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i've been reading through my revision guide and completing questions on resolving forces but one thing i seem to be mixing up is when to use sin or cos when resolving horizontally/vertically.

i thought the rule was you use sin for vertical forces and cos for horizontal but apparently not. would appreciate some clarification

i thought the rule was you use sin for vertical forces and cos for horizontal but apparently not. would appreciate some clarification

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(Original post by

i've been reading through my revision guide and completing questions on resolving forces but one thing i seem to be mixing up is when to use sin or cos when resolving horizontally/vertically.

i thought the rule was you use sin for vertical forces and cos for horizontal but apparently not. would appreciate some clarification

**entertainmyfaith**)i've been reading through my revision guide and completing questions on resolving forces but one thing i seem to be mixing up is when to use sin or cos when resolving horizontally/vertically.

i thought the rule was you use sin for vertical forces and cos for horizontal but apparently not. would appreciate some clarification

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#3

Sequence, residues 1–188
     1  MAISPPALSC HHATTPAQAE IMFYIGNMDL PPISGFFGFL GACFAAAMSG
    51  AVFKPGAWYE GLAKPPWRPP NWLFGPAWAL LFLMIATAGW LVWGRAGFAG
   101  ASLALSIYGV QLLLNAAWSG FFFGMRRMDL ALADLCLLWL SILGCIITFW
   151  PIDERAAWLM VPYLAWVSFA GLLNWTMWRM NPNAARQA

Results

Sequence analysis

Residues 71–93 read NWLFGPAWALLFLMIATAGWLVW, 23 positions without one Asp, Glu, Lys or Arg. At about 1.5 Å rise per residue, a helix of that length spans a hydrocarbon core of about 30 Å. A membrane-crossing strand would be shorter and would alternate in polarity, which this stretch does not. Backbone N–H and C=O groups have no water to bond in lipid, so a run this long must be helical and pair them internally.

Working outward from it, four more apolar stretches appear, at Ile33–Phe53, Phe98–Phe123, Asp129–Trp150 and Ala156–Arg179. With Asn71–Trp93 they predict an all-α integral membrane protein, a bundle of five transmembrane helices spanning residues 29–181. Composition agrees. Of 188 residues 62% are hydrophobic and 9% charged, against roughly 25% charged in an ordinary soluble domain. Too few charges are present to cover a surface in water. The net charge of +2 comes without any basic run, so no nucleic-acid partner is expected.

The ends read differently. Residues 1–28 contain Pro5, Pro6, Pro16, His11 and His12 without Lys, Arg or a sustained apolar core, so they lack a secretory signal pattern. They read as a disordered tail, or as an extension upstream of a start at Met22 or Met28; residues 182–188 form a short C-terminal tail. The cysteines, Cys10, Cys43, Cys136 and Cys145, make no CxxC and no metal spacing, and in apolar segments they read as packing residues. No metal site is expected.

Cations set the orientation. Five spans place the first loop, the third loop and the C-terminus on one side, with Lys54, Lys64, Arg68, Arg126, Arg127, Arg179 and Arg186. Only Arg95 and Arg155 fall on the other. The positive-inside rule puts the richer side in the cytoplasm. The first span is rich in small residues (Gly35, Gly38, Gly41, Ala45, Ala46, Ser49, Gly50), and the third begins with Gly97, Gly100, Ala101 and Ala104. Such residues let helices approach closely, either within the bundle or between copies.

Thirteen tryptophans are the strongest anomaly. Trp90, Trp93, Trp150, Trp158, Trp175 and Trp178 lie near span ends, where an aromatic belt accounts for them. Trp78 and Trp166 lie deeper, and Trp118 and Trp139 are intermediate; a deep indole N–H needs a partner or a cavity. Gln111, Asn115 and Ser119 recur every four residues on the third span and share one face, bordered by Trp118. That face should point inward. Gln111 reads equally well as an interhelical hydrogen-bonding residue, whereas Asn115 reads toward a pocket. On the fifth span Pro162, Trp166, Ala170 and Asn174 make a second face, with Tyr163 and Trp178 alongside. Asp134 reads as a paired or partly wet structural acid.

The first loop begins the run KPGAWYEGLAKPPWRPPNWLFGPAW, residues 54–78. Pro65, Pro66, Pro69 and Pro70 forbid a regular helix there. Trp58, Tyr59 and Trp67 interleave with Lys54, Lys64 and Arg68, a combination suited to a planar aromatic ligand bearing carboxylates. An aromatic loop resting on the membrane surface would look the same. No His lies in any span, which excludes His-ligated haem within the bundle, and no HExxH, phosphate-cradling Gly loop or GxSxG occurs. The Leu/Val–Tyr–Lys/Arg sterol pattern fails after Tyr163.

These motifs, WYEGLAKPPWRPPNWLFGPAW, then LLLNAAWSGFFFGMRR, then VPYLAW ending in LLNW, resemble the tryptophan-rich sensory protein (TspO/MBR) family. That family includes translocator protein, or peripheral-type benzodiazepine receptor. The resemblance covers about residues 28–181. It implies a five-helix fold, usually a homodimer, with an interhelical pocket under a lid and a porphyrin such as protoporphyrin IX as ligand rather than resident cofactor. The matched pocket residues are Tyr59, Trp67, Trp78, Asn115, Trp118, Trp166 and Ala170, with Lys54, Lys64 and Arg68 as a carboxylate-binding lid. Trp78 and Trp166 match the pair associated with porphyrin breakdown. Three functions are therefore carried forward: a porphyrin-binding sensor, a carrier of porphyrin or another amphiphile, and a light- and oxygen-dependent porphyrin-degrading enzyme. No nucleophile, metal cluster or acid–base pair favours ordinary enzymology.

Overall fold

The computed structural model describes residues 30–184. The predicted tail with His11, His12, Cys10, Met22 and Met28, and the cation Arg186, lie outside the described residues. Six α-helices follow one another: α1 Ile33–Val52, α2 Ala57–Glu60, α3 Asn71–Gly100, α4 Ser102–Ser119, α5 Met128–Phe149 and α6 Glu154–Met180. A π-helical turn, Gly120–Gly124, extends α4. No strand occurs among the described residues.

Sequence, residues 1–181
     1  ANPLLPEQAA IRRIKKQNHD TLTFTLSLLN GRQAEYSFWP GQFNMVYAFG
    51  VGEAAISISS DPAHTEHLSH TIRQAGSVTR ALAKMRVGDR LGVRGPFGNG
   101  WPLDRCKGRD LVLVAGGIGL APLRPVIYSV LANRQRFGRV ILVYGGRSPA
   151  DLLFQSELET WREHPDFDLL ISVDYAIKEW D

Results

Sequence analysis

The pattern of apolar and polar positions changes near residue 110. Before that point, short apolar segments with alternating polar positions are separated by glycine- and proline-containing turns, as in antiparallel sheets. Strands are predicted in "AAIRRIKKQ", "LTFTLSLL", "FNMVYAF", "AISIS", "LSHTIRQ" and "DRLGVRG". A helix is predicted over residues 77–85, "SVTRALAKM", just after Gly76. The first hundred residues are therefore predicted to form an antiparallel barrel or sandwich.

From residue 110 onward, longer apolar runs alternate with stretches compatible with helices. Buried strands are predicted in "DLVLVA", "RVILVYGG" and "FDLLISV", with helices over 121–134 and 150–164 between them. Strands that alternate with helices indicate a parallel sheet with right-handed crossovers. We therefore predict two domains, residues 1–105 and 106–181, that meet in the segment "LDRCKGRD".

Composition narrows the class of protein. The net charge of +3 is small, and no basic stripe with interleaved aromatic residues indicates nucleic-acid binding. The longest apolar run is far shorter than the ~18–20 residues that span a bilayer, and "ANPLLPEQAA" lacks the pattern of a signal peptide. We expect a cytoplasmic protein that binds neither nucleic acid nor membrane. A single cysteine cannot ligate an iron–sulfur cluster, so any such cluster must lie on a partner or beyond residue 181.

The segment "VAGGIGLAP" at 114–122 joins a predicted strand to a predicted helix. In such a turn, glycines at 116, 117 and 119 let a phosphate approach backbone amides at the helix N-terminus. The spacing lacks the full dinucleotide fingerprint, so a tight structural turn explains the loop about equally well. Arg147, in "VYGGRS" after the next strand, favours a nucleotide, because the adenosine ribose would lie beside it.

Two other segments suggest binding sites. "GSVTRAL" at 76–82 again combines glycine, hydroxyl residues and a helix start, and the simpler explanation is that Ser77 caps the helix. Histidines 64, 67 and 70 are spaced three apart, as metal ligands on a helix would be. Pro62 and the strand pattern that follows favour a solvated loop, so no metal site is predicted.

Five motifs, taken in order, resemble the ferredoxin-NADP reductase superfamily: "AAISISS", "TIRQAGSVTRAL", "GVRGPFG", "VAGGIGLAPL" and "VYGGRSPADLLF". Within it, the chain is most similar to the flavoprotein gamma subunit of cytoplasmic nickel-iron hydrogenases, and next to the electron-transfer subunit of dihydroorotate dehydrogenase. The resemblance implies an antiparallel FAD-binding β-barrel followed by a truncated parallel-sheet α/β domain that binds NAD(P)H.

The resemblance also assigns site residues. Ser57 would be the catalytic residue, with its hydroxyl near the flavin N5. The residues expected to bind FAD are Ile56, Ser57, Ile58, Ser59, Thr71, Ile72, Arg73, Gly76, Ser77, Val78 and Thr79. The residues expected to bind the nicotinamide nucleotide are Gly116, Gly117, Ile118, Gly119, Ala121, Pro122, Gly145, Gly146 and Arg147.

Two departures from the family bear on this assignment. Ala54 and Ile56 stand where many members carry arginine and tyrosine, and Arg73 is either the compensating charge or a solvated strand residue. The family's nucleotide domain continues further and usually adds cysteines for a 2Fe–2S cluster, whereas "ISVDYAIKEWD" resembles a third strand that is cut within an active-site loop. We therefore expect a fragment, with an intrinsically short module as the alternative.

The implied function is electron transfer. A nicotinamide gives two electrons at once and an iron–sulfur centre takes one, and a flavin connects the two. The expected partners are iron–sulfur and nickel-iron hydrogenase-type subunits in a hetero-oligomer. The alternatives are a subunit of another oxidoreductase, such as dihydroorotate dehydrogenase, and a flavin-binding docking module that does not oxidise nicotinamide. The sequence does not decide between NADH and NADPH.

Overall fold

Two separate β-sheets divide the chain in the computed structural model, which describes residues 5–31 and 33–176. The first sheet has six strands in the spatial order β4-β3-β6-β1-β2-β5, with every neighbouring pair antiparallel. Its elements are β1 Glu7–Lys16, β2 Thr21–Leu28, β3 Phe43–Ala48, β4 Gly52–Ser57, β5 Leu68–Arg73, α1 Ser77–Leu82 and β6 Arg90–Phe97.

**entertainmyfaith**)

i've been reading through my revision guide and completing questions on resolving forces but one thing i seem to be mixing up is when to use sin or cos when resolving horizontally/vertically.

i thought the rule was you use sin for vertical forces and cos for horizontal but apparently not. would appreciate some clarification

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#4

Hope this helps. You just use trigonometry and rearrange for the horizontal and vertical components. I always draw a triangle and work it out as if it’s a trigonometry question - much easier than having to remember it!

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You can't just follow a rule like that - you need to understand the trigonometry. Do you have an example of a question where you get mixed up?

**Sir Cumference**)You can't just follow a rule like that - you need to understand the trigonometry. Do you have an example of a question where you get mixed up?

when resolving forces horizontally i took it as T

_{1}cos35 - T

_{2}cos35 = 0 but the mark scheme used sin

(Original post by

This is correct - so long as you are using the angle between the vector and the horizontal. If you are using the angle between the vector and the vertical, it's the other way around.

**Pangol**)This is correct - so long as you are using the angle between the vector and the horizontal. If you are using the angle between the vector and the vertical, it's the other way around.

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when resolving forces horizontally i took it as T

**entertainmyfaith**)when resolving forces horizontally i took it as T

_{1}cos35 - T_{2}cos35 = 0 but the mark scheme used sin**opposite side**from the angle of 35 degrees (when you construct a triangle) hence why you use sine.

As said before, you need to understand trigonometry rather than follow a rule which doesn't always hold.

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#7

(Original post by